CENTRAL NORTH DAKOTA STEAM THRESHERS, INC.

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New Rockford, North Dakota 58356

I found the Jan.-Feb. '68 Album even more interesting than usual, partly because of three different articles in it:- 'STAY BOLTS'; 'BOILER EXPLOSIONS' and 'STILL GOING STRONG'.

Mr. Camp is very fortunate to have had the opportunity to observe and work with such competent boiler repairmen as he describes. He asks about boiler pressures. My 1907-08 and 1911-12 Advance catalogs gives this information:- 'All our boilers up to the 30 HP size are built to carry 150 lbs. pressure and our 30, 35 and 40 HP carry 160 pounds'. How about 100 lbs. for a show engine Howard?

I cannot fully agree with Mr. Earl's statement about the danger in using old boilers. I am sure he does not want to give the impression that we can safely ignore real weaknesses in a boiler. I consider any fairly large area of real thin plate in a boiler as dangerous. Probably 99% of the time these places would leak before giving away, but let's not depend on that. I do not believe anybody can say for sure just what combination of conditions can bring on an explosion in either an old or new boiler. And I regard low water and a hot fire very dangerous regardless if water is injected or not. In regard to dangerous weakness, I would say a place where several stay bolts in an area together where the plate is too thin for a strong connection to the stay bolts is dangerous. Mr. Earl's description of the explosion of the 16 HP Nichols and Shepard describes just such a condition. A thin area along the bottom of the barrel of the boiler can be bad, also look for trouble at the grate line of the firebox and of course the crown sheet. Check all pipe nipples that screw into the boiler and also check the height of the bottom of the gauge glass in relation to the crown-sheet. Some engines have the glass so low that when the water just shows in the glass the crown sheet has very little water over it. If you fine such a condition slip a thin sleeve an inch or so long over the bottom of the glass and keep the water level above this point.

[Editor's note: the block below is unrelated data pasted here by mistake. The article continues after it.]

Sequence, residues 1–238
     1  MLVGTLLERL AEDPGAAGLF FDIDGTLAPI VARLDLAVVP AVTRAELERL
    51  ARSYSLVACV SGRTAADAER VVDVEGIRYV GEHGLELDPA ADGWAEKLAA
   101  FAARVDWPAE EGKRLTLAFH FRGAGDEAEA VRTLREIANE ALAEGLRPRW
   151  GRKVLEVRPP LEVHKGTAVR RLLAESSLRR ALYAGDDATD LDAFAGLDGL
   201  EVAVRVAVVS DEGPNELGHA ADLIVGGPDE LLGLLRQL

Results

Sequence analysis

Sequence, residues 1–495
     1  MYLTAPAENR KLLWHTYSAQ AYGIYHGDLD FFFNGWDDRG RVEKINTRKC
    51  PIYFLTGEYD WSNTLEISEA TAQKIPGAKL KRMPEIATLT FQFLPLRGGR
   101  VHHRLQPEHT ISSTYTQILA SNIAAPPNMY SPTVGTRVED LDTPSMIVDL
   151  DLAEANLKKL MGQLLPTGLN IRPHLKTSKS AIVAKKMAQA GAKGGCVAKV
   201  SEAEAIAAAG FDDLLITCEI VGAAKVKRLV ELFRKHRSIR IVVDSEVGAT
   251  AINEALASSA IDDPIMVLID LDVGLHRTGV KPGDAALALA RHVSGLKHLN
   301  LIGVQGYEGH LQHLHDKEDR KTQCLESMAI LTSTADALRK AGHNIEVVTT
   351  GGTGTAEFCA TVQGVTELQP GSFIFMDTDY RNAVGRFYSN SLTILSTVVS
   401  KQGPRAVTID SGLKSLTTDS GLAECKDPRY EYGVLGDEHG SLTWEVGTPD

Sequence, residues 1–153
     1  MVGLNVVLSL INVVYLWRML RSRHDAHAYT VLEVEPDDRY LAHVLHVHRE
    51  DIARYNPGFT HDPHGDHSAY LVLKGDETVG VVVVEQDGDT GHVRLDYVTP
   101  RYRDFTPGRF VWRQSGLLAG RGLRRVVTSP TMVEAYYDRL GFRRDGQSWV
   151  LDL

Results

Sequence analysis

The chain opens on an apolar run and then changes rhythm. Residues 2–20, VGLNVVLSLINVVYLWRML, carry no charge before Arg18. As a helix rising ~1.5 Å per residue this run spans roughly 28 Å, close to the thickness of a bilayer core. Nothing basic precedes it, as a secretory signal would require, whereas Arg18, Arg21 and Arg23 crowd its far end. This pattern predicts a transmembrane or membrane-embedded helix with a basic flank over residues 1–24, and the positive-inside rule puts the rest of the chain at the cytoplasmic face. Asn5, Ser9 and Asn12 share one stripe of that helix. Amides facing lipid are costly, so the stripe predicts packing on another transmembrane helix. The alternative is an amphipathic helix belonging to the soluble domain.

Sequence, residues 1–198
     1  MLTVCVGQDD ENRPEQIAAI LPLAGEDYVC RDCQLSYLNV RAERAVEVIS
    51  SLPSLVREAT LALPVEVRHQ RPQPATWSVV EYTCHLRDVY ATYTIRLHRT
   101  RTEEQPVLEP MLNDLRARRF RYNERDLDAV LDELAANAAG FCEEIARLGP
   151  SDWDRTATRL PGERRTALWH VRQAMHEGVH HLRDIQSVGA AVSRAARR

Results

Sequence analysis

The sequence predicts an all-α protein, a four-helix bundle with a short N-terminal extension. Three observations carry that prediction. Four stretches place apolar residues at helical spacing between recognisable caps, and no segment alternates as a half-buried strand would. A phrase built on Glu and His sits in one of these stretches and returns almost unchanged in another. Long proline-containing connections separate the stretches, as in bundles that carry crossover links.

After so many opinions about what a poor valve gear the Marsh is, it was interesting to me to read Mr. Rorvig's defense of the Advance engines. When I was a kid and very interested in threshing engines, straw-burners probably out-numbered the coal-burners ten to one in the area that I knew. And the Advance was usually considered one of the best when the straw was not the best. For steady all day work like threshing I think the combination of the side-mounted tandem compound, 26 or 35 HP with the straw-burner boiler, the Marsh valve gear and the steam pipe running thru the smoke-box and the stack added up to a very good threshing engine. The weight was well divided between the drivers and the front wheels. The flywheel was easy to reach for belting up. The levers and steering wheel well located and the second platform above the straw stuffer put the engineer up in good position for visibility while on the move. Of any single cylinder engines that I have handled I will take the Advance, they just do not seem to have 'dead centers'. I had better sign-off before I convince some of the fellows that they should sell their engines and buy an Advance. Let me add that I like almost all steam engines.